Neighbors fear W. Ashley crime becoming common

By Nikki

CHARLESON, S.C. (WCIV) -- He was shot while sitting in his car in their neighborhood.{} Now homeowners who live in the Ardmore and Sherwood Forest subdivisions fear for their own lives. This comes after the death of 17-year-old Marley Lion.

Several neighbors told ABC News 4 that they hear gun shots so often they've become nearly immune to it.{} In fact, that's why Albert Robinson, says he didn't call 9-1-1 the night he and his wife heard the shots that killed Marley.

"She said, 'I heard shots. I heard shots,'" said Albertson recalling the night he and his wife were awakened by gunfire.

Robinson lives about seven blocks down from the parking where police found Marley Lion shot multiple times. The sound is one he says he's become too familiar with.

"The house behind me, this yellow house, I called police a week ago. Somebody unloaded a whole clip in that house--bam, bam, bam. Then all of sudden we heard screeching wheels," said Albertson.

In the last thirty days, his neighborhood has fallen prey to multiple cases of vandalism, drug deals, and property theft. He believes aspiring gang members are to blame.

"I don't go out at night anywhere. I have to keep everything locked down. People have tried to steal," said Albertson.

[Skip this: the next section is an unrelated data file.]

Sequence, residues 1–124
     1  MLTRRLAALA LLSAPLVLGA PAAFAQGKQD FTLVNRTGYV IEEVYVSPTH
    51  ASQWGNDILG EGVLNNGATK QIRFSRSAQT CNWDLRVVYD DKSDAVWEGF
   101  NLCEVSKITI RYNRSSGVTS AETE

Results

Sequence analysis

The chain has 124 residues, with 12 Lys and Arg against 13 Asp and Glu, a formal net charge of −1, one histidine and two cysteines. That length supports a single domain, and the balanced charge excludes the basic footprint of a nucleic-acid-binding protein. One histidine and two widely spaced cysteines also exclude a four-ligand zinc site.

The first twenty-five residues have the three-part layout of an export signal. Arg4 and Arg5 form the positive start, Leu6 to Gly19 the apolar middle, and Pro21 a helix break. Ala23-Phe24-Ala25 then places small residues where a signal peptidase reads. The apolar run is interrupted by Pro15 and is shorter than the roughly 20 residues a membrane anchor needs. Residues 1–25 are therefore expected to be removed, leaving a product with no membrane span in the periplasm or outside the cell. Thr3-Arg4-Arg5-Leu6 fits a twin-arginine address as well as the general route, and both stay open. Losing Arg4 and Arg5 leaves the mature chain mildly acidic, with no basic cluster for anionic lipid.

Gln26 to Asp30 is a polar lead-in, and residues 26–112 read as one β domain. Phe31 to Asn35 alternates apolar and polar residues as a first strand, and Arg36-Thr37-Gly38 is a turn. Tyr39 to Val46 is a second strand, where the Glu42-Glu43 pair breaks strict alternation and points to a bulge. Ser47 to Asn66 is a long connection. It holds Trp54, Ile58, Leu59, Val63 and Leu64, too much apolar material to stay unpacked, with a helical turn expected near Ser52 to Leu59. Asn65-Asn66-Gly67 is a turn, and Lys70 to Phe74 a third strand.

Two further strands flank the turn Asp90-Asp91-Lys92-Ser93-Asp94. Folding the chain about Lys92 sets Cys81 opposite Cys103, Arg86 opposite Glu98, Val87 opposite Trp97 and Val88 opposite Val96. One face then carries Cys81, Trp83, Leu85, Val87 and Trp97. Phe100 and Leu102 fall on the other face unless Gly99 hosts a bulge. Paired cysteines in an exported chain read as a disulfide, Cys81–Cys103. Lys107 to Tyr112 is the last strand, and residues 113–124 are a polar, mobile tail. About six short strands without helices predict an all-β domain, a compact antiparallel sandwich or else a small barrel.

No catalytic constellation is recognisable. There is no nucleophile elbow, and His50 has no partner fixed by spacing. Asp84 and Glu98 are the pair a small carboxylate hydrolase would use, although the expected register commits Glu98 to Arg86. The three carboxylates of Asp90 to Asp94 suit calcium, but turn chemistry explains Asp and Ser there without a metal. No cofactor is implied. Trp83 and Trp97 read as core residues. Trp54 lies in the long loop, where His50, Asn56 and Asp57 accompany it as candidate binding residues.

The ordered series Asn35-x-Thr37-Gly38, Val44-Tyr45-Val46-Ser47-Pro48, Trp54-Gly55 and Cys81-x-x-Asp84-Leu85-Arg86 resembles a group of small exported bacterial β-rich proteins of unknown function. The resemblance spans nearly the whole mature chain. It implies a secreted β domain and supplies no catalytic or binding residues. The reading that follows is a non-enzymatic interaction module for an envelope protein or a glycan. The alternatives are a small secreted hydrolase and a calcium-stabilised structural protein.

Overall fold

"At one point in time it was very comfortable to get out the car, go in the home without having to look around," said Cynthia Waddy who has called Mulberry Street in West Ashley home for more than thirty years.

She says West Ashley crime is becoming a rampant problem.

"On the other street over, a little kid got shot in yard about a year and a half ago, a couple of years ago, in his own yard!" she stated.

"I don't think it's safe at all," said Irma Hazel, a mother of three.

Hazel's youngest child is just seven-years-old. Hazel says she worries about the safety of her children on a daily basis .

"You should be able to let your kids out but how can you let your kids out if you don't trust the people around you," said Hazel.

With suspects out there wanted for the murder of a teen who had a bright future ahead of him, neighbors says it doesn't make them feel any safer.

"My heart goes out to the family and I hope they can capture whoever did it because it's so, so wrong," said Waddy.

Neighbors believe police are doing all they can to fight crime but often many homeowners say they fear calling police out of retaliation from criminals.

If you have any information on Marley Lion's death, you're asked to call Crime Stoppers at 843-554-1111.